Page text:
As Americans grow increasingly comfortable with telecommuting and remote work, many courts are still hesitant to embrace remote jury trials. While these proceedings create some unique challenges, they also make the justice system more accessible, particularly for individuals with mobility problems or other health concerns. In this article, we’ll take a closer look at issues that were raised during two recent remote asbestos jury trials.
Let’s get started!
Case Spotlight: Ocampo v. Honeywell¹
In July of 2020, a remote jury from Alameda County, CA heard the case of Ricardo Ocampo et al. v. Honeywell International Inc. This case was particularly notable because it was California’s first Zoom jury trial. The plaintiff, Ricardo Ocampo claimed he was exposed to asbestos from Bendix brake linings while performing his janitorial duties at a car dealership. He developed mesothelioma as a result of that exposure. Ocampo sued Honeywell because they can be held liable for the Bendix brand due to corporate succession.
From the very beginning, the trial faced numerous technical problems. After two days, defense counsel filed a notice of irregularities, in which they alleged that jurors were inattentive and distracted. The defense noted that some jurors appeared to be reclining in bed, while others seemed to be working on other computers. Some jurors even had difficulties getting online and staying connected, which meant that some testimony had to be repeated. Lastly, in the notice, the defense raised concerns over their own ability to proceed remotely because the court’s audio feed malfunctioned repeatedly and remained unreliable throughout the case.
Despite these technical concerns, the jury ultimately ruled in favor of the defendant. The challenges presented by this case suggest that courts and counsel need to work together to figure out the mechanics of virtual trials. Furthermore, it suggests that attorneys who participate in remote proceedings should place an emphasis on presenting a factual defense. This is because facts will appear in the record and jurors who initially missed certain details will be exposed to them when consulting the transcript.
Case Spotlight: Wilgenbusch v. American Biltrite Inc.²
Shortly after Ocampo v. Honeywell was decided, the Alameda County Superior Court heard a second asbestos case. Ronald Wilgenbusch, a retired rear admiral, sued American Biltrite after he was exposed to asbestos aboard U.S. Navy ships, which caused him to develop mesothelioma.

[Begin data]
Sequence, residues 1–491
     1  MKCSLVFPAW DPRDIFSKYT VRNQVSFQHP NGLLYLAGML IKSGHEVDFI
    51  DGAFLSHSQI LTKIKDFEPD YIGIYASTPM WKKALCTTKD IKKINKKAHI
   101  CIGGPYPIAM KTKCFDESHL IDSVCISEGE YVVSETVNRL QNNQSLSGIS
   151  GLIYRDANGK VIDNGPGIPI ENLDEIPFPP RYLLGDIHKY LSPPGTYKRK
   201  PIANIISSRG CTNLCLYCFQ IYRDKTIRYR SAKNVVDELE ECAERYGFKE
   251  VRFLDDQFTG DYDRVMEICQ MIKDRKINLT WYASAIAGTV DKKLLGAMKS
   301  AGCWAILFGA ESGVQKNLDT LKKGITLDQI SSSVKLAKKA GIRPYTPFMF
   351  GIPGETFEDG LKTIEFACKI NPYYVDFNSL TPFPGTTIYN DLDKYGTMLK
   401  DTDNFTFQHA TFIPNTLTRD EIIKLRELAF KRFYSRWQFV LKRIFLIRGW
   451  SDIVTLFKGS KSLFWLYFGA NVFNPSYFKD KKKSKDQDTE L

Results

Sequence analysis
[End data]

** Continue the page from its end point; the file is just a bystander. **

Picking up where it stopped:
This trial faced fewer technical challenges than the Ocampo case. The one notable problem was a case of human error. At one point during Wilgenbusch’s testimony, the court and counsel met privately in a breakout room. When they left the Zoom courtroom, Wilgenbusch was free to converse with jury members. The retired admiral chatted with the jurors about Zoom meeting backgrounds and shared photos of the Golden Gate Bridge and a trip to Spain.
Upon realizing the error, defense counsel filed for a mistrial. They felt that the unstructured conversation would endear the plaintiff to the jury, which could impact his claim for non-economic damages. After reviewing the conversation, the judge determined it was not prejudicial and denied the motion. Ultimately, the jury ruled in favor of the plaintiff.
The results of Wilgenbusch v. American Biltrite were promising for advocates of the virtual trial process. Here, the technical challenges could have been avoided entirely through further training for courts and litigants. Lastly, the plaintiff’s victory will be particularly interesting to personal injury attorneys, who have previously voiced concern that virtual courtrooms are too impersonal a forum to reinforce the significance of an injury.
Thanks for reading! We hope we’ve been able to give you a glimpse into the unique challenges of remote asbestos jury trials. Although some of these problems might reoccur, they can be addressed through robust technological training and live support. If you enjoyed this article, feel free to share it on social media!
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¹Ricardo Ocampo et al. v. Honeywell International Inc., Case No.: RG19041182, in the Superior Court of the State of California, County of Alameda.